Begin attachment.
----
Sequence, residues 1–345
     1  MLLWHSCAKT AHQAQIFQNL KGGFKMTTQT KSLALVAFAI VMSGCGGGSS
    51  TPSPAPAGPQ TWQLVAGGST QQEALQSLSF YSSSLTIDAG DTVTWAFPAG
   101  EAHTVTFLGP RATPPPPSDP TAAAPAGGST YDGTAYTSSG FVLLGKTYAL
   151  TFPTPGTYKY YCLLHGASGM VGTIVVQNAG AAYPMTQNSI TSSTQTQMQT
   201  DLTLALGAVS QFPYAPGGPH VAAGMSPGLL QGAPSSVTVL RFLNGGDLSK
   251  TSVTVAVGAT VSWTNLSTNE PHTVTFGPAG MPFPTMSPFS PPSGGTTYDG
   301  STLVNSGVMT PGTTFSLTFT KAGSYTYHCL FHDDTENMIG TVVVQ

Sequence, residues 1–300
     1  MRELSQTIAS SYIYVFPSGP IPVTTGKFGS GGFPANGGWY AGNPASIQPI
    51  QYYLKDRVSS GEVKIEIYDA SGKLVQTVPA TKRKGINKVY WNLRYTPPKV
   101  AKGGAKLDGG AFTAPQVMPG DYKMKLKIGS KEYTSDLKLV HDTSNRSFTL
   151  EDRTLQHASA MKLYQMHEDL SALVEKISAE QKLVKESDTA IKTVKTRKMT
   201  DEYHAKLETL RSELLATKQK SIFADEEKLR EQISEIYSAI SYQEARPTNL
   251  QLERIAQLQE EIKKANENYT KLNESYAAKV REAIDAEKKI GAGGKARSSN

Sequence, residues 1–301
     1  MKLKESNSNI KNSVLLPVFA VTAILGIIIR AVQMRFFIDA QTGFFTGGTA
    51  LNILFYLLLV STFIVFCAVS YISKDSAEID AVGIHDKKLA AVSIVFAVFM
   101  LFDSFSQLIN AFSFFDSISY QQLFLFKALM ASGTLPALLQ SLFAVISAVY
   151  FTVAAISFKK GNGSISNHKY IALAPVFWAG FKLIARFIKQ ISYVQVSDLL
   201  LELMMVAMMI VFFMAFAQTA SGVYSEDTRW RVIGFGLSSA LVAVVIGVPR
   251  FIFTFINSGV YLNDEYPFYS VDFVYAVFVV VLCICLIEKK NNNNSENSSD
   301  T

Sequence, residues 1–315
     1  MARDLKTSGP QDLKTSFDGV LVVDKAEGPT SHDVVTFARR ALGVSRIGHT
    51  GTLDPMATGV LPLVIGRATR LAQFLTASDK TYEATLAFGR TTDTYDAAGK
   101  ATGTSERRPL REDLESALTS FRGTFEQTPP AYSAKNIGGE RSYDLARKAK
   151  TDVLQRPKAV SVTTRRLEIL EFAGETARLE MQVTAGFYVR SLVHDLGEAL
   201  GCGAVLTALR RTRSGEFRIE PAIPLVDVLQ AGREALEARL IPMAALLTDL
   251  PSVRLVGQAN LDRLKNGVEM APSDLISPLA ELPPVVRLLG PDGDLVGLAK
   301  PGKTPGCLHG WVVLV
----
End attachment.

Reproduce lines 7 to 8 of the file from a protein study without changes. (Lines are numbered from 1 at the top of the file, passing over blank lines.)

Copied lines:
   251  TSVTVAVGAT VSWTNLSTNE PHTVTFGPAG MPFPTMSPFS PPSGGTTYDG
   301  STLVNSGVMT PGTTFSLTFT KAGSYTYHCL FHDDTENMIG TVVVQ